Since it became the first state to ratify the U.S. Constitution in 1787, Delaware has maintained a low profile as far as states go, yet technically it's home to a stunning amount of businesses.
Like its official state bug, the ladybug, most people think positively of Delaware, if they think of it all, but nonresidents probably don't know much about "The First State." Nonetheless, Delaware has become a hotbed for business -- or at least for the paperwork involved in creating business. More than 60% of publicly traded companies are incorporated in the second-smallest state, according to The New York Times, so what it lacks in land mass it more than makes up for in influence.
The vast majority of these companies have headquarters elsewhere, making them Delawareans in name only, but the state has still built up a nice business as a place to incorporate businesses. An earlier Times article reported that "Delaware collected roughly $860 million in taxes and fees from its absentee corporate residents" in 2011, a quarter of the state's total budget for the year.
By being business-friendly, offering low taxes, and making it very easy to set up shell companies -- business entities that have no operations or assets, but can be used for legal tax avoidance -- Delaware has become the go-to place for legitimate (and less legitimate) companies to incorporate. That has given the state both revenue and power.
"This critical mass means that Delaware decides how companies are governed and is so prominent that its decisions on corporate law influence how other state courts act," according to last week's Times article.
Delaware has aggressively marketed itself as a place to incorporate in order to lower your tax bill, even issuing a paper in 2007 titled "Why Corporations Choose Delaware."
That document, distributed by the Delaware Department of State Division of Corporations, makes a compelling case for incorporating in the state, including:
- The Delaware General Corporation Law is one of the most advanced and flexible corporation statutes in the nation.
- Delaware's courts and, in particular, the state's highly respected corporations court, the Court of Chancery, a court which is specifically devoted to settling business disputes where experienced judges here cases and no juries are involved (which is generally considered favorable for businesses).
- The state legislature "takes seriously its role in keeping the corporation statute and other business laws current."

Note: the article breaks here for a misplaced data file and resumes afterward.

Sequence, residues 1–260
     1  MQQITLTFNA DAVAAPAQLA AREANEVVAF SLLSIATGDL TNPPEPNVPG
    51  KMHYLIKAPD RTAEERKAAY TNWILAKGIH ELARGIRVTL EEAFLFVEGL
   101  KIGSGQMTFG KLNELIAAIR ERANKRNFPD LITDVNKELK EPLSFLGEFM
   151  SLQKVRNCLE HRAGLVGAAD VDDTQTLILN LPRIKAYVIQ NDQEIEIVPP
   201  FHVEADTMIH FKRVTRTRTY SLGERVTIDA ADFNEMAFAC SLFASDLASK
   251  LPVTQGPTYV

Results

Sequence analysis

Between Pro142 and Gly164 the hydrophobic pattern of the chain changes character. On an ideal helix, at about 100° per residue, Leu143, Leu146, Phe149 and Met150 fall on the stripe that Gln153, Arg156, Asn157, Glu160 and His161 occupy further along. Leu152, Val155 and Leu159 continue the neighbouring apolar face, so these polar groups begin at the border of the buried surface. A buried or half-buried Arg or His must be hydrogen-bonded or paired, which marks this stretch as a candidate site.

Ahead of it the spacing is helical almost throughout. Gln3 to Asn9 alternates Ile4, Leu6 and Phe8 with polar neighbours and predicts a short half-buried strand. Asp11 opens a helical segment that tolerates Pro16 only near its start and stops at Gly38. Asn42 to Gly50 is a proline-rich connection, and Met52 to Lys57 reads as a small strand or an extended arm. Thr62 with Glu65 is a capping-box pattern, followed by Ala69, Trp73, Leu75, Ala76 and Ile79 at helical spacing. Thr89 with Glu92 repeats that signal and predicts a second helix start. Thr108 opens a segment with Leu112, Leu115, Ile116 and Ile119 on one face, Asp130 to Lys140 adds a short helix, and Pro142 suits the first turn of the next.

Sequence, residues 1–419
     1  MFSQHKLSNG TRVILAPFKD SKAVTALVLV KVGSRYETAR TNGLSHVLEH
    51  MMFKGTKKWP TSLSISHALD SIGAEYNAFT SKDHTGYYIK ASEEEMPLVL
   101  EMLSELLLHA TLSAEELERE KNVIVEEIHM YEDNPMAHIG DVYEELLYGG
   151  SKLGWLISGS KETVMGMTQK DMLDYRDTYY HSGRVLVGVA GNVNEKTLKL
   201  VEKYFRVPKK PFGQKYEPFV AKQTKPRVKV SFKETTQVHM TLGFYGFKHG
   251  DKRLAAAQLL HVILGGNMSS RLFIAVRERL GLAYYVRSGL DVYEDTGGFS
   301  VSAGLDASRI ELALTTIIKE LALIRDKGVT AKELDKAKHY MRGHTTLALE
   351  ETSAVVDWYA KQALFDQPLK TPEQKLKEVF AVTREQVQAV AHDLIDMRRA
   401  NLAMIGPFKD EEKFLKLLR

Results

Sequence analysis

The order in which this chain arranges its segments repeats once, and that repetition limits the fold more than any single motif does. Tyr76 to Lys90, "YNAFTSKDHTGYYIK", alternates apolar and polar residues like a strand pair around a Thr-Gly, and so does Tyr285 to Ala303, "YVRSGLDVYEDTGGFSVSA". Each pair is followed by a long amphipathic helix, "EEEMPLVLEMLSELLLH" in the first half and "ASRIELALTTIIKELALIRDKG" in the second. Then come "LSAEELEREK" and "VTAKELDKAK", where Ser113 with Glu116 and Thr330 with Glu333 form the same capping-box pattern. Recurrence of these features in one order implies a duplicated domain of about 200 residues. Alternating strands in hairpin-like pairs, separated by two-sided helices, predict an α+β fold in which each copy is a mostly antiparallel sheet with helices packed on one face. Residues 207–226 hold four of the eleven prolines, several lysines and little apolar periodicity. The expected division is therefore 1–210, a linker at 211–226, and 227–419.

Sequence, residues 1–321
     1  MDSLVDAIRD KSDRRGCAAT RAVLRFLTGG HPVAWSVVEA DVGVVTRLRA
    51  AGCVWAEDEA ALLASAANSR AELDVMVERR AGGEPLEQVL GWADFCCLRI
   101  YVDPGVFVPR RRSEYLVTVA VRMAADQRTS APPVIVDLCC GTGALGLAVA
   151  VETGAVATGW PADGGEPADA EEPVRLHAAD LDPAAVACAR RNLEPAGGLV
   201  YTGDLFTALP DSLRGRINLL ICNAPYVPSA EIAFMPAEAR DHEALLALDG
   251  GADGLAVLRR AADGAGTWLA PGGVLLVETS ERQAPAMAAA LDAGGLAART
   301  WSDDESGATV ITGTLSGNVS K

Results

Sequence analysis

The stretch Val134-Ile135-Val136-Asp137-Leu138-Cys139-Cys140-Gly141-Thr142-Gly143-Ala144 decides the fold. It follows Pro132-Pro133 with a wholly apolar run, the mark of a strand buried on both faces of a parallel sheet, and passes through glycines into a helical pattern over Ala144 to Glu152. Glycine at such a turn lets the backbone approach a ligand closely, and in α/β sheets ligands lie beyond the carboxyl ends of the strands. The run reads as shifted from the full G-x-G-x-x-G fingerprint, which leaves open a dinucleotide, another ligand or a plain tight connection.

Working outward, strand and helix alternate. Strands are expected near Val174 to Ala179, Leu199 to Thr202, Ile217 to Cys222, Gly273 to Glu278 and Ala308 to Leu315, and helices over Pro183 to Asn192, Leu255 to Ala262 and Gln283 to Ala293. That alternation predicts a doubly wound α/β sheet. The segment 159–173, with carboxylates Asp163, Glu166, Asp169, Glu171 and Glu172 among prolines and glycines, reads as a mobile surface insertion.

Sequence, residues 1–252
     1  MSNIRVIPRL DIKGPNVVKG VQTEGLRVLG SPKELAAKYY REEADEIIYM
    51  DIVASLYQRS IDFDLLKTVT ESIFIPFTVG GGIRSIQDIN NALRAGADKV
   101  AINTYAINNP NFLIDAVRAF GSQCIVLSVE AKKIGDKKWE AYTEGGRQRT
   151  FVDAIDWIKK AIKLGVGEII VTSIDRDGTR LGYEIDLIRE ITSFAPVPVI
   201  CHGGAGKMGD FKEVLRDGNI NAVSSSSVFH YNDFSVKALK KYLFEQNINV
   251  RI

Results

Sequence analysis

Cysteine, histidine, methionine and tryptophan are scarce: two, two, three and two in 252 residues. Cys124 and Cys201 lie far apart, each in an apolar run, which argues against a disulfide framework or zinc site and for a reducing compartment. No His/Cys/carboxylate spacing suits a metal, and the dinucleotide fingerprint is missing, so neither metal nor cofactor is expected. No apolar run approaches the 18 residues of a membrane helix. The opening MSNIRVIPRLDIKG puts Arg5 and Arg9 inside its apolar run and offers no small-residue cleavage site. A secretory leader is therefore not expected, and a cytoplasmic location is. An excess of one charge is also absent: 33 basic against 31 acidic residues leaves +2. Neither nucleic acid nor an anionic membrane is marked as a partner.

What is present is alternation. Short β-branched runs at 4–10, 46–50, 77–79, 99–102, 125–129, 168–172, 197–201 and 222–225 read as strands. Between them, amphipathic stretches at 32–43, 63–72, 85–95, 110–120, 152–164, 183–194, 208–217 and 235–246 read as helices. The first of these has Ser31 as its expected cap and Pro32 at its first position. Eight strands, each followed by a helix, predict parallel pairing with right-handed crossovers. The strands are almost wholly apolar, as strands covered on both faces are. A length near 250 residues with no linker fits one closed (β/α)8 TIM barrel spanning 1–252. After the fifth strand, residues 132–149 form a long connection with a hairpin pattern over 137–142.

- The Secretary of State's Office, "which thinks and acts more like one of the corporations it administers than a government bureaucracy."
The paper lists more, many more, reasons, but the Times in 2012 nailed the No. 1 reason:
It is also a great place to reduce a tax bill. Delaware today regularly tops lists of domestic and foreign tax havens because it allows companies to lower their taxes in another state -- for instance, the state in which they actually do business or have their headquarters -- by shifting royalties and similar revenues to holding companies in Delaware, where they are not taxed.
Widely known as "the Delaware loophole," the paper reported, the rules allowed businesses to reduce taxes paid to other states by an estimated $9.5 billion between 1992 and 2012.
The loophole is not quite as simple as "incorporate in Delaware and pay no taxes." The state actually has a relatively high corporate tax rate of 8.7%, but "Delaware does not tax certain profit-making intangible items — like trademarks, royalties, leases and copyrights," Bradley P. Lindsey, an accounting professor at North Carolina State University and one of three authors of a 2011 study Exploring the Role Delaware Plays as a Domestic Tax Haven, told the Times. Some companies exploit this by transferring these intangible items to shell corporations in Delaware, then paying significant "royalty fees" from the pool of revenue generated elsewhere. In doing this, they transfer taxable revenue into tax-exempt profits.
While this arrangement has drawn concern because the rules can be used to benefit illicit corporations as well as legitimate ones, it has been beneficial to the state and countless companies. Delaware's coffers have grown fat with fees from the deals, and being a haven for incorporation has led to job creation in the state -- albeit at law firms that aid in the process, not businesses that make or do anything.
Of course, what's good for Delaware is bad for the other states that lose out on tax revenue. But as long as there are no federal standards for incorporation, companies will continue to exploit this situation and Delaware will gladly profit off it.
Daniel Kline owns shares of Apple. The Motley Fool recommends Apple. The Motley Fool owns shares of Apple. Try any of our Foolish newsletter services free for 30 days. We Fools may not all hold the same opinions, but we all believe that considering a diverse range of insights makes us better investors. The Motley Fool has a disclosure policy.